Even trees want you to see the eclipse:
(Image Credit: Picture Esk on Flickr)
So that about covers it. If you have any questions, if I’ve missed anything, or if you believe there is a mistake in my explanations, please leave a comment. I hope you’ll take the opportunity to enjoy this celestial treat and I hope you find people to share the experience with you as well.
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Director James Cameron is re-releasing his 1997 film Titanic, to commemorate the 100th anniversary of that “unsinkable” ship’s sinking. He intends to change very little from the 1997 release but there is one change being made that makes reporting it fit the theme of this blog: when watching the movie at the theatre during its original release, astrophysicist Neil deGrasse Tyson noticed that the star field in the background of one of the scenes wasn’t accurate. But, instead of just filing that inaccuracy on the shelf with all of the other thousands of scientific errors you’ll find in popular movies and moving on, Neil deGrasse Tyson couldn’t let it go, and on more than one occasion allegedly attempted to alert Mr. Cameron of the error.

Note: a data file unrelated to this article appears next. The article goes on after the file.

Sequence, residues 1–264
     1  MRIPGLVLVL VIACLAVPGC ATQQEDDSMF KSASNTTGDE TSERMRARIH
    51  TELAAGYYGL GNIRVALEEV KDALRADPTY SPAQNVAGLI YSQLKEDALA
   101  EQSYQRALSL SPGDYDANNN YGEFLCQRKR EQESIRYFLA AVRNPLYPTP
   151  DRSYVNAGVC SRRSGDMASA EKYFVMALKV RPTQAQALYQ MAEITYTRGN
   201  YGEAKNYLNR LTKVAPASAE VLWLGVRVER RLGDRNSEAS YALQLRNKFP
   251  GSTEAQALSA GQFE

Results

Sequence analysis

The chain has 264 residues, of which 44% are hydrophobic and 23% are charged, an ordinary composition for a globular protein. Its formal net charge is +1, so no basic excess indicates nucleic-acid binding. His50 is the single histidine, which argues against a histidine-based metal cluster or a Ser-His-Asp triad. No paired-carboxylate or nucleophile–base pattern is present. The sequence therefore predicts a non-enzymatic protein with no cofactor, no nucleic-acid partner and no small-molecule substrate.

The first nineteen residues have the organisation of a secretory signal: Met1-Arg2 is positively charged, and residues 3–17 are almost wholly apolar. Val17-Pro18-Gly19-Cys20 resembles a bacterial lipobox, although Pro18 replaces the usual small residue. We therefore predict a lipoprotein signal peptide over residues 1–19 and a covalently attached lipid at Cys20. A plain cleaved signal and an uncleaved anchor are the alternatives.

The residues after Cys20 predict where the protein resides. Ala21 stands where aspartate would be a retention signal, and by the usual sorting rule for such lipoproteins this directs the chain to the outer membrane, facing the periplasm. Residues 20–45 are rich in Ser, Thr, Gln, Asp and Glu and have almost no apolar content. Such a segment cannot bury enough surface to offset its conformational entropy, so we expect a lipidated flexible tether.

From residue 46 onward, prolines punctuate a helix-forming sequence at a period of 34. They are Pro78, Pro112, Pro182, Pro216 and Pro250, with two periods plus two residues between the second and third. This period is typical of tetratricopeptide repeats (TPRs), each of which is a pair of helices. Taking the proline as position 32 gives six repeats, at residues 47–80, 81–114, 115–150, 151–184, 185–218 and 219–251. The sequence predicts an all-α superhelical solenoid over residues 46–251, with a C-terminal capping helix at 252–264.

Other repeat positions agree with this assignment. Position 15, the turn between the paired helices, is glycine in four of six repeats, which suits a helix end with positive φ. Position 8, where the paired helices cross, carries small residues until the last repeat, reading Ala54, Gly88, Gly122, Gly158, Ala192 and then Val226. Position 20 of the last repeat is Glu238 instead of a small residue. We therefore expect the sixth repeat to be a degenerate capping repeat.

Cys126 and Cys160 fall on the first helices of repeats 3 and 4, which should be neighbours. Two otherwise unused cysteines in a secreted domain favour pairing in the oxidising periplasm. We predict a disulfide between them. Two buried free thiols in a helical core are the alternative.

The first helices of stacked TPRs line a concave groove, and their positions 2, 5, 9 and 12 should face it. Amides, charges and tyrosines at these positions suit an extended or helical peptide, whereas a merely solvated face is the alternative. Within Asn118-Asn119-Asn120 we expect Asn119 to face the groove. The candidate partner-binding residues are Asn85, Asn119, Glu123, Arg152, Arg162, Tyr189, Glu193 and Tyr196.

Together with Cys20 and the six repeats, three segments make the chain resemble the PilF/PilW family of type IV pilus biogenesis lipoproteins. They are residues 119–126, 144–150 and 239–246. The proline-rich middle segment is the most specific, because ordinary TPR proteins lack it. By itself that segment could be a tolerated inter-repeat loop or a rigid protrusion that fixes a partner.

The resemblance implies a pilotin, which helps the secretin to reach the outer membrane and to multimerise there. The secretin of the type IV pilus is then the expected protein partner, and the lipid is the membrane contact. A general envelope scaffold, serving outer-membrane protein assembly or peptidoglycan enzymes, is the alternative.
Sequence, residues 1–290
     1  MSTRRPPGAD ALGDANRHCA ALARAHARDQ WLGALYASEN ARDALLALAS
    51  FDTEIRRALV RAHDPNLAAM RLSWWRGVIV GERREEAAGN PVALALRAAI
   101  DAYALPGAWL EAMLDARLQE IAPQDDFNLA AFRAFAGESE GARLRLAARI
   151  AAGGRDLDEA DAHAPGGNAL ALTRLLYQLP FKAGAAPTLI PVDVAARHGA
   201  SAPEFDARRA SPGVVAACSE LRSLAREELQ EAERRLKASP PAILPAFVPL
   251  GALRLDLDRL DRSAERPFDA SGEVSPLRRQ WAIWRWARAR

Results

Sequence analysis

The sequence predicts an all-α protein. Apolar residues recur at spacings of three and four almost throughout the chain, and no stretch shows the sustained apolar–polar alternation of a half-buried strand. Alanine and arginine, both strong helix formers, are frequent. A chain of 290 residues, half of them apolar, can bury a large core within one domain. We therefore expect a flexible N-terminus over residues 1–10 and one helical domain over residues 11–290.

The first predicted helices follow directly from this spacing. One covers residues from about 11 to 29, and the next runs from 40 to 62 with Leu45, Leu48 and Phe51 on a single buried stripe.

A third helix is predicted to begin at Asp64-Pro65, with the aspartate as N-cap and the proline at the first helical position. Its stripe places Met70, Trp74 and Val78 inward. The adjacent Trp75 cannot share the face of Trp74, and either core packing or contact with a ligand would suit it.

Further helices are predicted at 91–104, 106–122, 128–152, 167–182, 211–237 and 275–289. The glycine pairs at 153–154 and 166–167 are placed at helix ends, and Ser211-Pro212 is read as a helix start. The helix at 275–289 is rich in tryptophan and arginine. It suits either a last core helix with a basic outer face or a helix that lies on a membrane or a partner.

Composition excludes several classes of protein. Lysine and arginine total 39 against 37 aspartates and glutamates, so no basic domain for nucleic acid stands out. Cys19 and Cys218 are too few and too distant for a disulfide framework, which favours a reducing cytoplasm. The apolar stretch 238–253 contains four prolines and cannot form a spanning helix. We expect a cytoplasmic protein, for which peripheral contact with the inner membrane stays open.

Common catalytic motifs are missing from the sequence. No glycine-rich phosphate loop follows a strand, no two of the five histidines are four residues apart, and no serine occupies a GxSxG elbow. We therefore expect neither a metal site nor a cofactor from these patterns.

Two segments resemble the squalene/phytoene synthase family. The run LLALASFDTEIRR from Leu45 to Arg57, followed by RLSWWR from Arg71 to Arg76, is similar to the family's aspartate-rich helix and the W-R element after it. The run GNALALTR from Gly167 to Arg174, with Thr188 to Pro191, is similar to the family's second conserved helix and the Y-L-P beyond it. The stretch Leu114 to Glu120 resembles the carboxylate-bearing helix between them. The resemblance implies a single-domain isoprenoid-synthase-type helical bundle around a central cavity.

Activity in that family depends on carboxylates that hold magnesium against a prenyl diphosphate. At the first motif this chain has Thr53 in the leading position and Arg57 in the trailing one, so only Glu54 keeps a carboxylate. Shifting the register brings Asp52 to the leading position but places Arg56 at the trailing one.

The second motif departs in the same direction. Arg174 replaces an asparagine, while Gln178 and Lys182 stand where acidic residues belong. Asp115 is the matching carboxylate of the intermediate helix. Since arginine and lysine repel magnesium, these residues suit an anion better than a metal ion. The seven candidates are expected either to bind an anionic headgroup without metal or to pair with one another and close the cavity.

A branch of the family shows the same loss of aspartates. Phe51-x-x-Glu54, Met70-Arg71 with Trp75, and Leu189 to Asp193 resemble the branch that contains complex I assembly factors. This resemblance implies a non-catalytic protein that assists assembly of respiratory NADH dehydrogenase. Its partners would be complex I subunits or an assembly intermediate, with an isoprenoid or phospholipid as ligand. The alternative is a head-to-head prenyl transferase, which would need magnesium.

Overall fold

Here’s a 2009 video of Tyson describing noticing the mistake in Titanic and his attempts to make Cameron aware of the error (reload page if video doesn’t appear):
Apparently, James Cameron finally got Tyson’s message and told Tyson that if he got him the correct star field, he would include it in the anniversial re-release; Cameron told the UK magazine Culture:
Oh, there is one shot that I fixed. It’s because Neil deGrasse Tyson, who is one of the U.S.’ leading astronomers, sent me quite a snarky email saying that, at that time of year, in that position in the Atlantic in 1912, when Rose is lying on the piece of driftwood and staring up at the stars, that is not the star field she would have seen, and with my reputation as a perfectionist, I should have known that and I should have put the right star field in.
So I said, ‘All right, you son of a b****, send me the right stars for the exact time, 4:20 a.m. on April 15, 1912, and I’ll put it in the movie.’ So that’s the one shot that has been changed.
Neil deGrasse Tyson responded to a question posed by Alan Boyle of the Cosmic Log, who asked him if he Cameron might put his name in the credits:
“If he does, that’s fine,” Tyson told me. “I’m a servant of the public interest and the public’s appetite for information about the universe. I get these calls all the time. … The mere fact that an artist cares about getting the science right, and thereby transmitting that science literacy to the consumers of that art — that’s enough reward for me.”